fruit crops seldom fail, as the frosts are rarely late enough to do dam- 
age. With improved railroad and ample water facilities, trucking 
and fruit growing are becoming important industrial features. 

The public schools of the county have been carried to a high 
state of proficiency, and in every neighborhood there are churches 
and academies. 

Windsor is the county seat, with a population of 750. Lewiston has 
a population of 375. There are twenty-one post ofl&ces in the county. 

The number of acres in this county is 382,331; valued at 
$1,450.04; and 376 town lots, valued at $191,345. 

The number of domestic animals is — horses, 2,230; mules, 1,148; 
goats, 158; 10,609 cattle; 25,422 hogs; 5,261 sheep. 

The product of taxation is — for State purposes, $5,406.31; pen- 
sions, $1,119.55; schools, $9,434.85; county, $8,675.27. 

Population — white, 7,885; colored, 11,291; total, 19,176. 


Bladen county lies south of Cumberland, and, like it, on both 
sides of the Cape Fear river. It has narrow zones of pines running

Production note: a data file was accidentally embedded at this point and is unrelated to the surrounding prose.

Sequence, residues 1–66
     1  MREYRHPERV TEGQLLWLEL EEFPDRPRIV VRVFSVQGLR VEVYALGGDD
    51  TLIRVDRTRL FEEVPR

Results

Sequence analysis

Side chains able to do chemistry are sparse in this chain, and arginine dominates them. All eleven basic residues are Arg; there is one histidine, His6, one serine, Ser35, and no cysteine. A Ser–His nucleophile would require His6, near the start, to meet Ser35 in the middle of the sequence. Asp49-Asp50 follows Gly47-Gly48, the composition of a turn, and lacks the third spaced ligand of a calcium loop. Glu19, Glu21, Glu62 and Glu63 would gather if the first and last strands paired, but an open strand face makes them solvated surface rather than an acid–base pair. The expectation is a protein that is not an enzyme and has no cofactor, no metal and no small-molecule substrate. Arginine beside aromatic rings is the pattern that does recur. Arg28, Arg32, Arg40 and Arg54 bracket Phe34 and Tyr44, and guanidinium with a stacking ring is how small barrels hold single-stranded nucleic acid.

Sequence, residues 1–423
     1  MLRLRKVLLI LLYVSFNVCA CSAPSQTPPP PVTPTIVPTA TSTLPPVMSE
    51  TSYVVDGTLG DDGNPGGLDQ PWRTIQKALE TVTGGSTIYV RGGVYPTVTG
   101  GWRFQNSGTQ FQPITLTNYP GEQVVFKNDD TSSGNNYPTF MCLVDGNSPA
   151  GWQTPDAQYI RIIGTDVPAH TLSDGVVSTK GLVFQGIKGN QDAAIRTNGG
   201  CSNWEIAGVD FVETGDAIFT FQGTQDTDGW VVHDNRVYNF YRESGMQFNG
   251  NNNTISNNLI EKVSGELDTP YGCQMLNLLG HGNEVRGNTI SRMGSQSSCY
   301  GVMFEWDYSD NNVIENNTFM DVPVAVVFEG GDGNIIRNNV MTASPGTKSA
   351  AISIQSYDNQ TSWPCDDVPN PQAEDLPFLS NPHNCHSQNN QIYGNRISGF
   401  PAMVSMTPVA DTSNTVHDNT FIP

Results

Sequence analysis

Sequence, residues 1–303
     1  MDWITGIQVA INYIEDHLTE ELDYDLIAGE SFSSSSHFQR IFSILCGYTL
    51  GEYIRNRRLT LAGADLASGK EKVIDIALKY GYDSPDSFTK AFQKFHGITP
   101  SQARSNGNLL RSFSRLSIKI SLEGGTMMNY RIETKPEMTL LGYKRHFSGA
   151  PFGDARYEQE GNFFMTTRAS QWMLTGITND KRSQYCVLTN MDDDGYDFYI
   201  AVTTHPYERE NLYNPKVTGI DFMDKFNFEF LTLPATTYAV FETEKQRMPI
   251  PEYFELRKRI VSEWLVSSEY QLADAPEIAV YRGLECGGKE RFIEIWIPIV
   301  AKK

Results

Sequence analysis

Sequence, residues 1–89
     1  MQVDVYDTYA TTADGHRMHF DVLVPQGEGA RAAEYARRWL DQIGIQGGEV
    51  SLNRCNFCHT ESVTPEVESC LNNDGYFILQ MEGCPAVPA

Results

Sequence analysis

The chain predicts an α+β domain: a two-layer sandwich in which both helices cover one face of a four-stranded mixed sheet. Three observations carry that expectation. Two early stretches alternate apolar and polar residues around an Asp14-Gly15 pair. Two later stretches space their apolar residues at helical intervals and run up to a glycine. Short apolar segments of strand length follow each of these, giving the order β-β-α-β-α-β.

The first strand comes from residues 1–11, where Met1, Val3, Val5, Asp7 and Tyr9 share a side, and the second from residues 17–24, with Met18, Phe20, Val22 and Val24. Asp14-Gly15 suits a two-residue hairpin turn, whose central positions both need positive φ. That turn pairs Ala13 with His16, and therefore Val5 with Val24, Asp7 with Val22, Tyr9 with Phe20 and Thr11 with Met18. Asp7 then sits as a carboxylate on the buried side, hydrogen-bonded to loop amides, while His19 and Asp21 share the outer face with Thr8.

parallel to the river courses nearly the whole length of the county, 
and it also abounds in cypress swamps and alluvial " bottoms " along 
its streams. There are also large bodies of level piny woods. Marl 
is found in the bluffs of the river. On many of the streams are 
extensive bodies of gum and C3^press swamps. This county has a 
considerable area of pine lands, with fine clay sub-soil, which when 
properly cultivated, produce a bale of cotton to the acre. Its agricul- 
ture is largely confined to cotton, corn, potatoes, peas, and forage 
crops. The production of naval stores and the lumbering interests 
still occupy the attention of a considerable number of her people. 
The river swamps contain large quantities of oak, ash, gum and other 
valuable timbers, for v/hich there is an increasing demand. On the 
western side of the Cape Fear river the lands are higher and less 
occupied by swamps than on the eastern, but there are fine produc- 
tive lands along the Cape Fear — productive in corn, and excellent for 
tobacco and trucking as well as for certain fruits. The eastern side, 
near the river, has good bottom lands extending back some distance 
from the river, and these are succeeded towards the east by entensive 
Swamps extending along the margins of South and Black rivers, and 
including the large area of Colley swamp; therefore the area of arable